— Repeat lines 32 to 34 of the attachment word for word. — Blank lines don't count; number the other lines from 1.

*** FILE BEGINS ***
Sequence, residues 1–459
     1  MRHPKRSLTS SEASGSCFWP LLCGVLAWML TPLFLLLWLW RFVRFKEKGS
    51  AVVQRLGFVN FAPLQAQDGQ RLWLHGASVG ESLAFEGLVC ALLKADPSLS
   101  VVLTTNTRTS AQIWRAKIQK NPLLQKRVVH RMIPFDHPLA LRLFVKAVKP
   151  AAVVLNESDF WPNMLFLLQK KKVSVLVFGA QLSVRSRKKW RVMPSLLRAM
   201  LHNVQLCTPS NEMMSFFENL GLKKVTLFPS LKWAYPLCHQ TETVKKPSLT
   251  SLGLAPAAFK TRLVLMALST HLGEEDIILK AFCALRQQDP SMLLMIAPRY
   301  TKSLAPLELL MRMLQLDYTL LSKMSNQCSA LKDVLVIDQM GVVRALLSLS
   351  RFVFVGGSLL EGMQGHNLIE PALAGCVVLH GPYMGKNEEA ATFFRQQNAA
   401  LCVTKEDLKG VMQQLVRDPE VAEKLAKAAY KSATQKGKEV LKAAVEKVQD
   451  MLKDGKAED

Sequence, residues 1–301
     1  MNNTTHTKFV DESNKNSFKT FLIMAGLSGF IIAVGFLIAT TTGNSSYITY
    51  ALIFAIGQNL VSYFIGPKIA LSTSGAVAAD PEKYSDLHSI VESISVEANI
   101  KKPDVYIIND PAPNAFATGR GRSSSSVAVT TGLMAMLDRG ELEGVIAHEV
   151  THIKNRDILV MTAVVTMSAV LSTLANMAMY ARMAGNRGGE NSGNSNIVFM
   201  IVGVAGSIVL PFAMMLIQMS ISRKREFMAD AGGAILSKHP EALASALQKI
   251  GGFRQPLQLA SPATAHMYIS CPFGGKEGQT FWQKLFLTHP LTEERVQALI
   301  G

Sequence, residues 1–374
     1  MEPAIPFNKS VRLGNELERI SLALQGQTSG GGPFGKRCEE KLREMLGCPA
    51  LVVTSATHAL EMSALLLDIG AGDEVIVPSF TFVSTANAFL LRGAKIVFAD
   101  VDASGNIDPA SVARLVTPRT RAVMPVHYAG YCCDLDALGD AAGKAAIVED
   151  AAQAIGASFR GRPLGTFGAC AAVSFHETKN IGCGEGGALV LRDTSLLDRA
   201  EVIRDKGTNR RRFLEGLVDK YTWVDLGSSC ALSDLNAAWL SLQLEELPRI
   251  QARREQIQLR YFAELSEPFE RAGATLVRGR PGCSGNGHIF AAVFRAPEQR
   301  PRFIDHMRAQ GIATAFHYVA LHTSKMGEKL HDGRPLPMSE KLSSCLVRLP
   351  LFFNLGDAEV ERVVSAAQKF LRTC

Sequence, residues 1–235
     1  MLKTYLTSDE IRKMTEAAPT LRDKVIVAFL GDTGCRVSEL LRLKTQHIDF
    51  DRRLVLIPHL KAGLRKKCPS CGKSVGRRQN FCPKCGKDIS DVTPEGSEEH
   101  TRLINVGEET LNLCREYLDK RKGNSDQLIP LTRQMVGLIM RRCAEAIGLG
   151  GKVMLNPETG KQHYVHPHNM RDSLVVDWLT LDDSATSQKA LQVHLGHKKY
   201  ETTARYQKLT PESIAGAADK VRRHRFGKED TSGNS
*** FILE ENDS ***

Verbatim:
   101  TRLINVGEET LNLCREYLDK RKGNSDQLIP LTRQMVGLIM RRCAEAIGLG
   151  GKVMLNPETG KQHYVHPHNM RDSLVVDWLT LDDSATSQKA LQVHLGHKKY
   201  ETTARYQKLT PESIAGAADK VRRHRFGKED TSGNS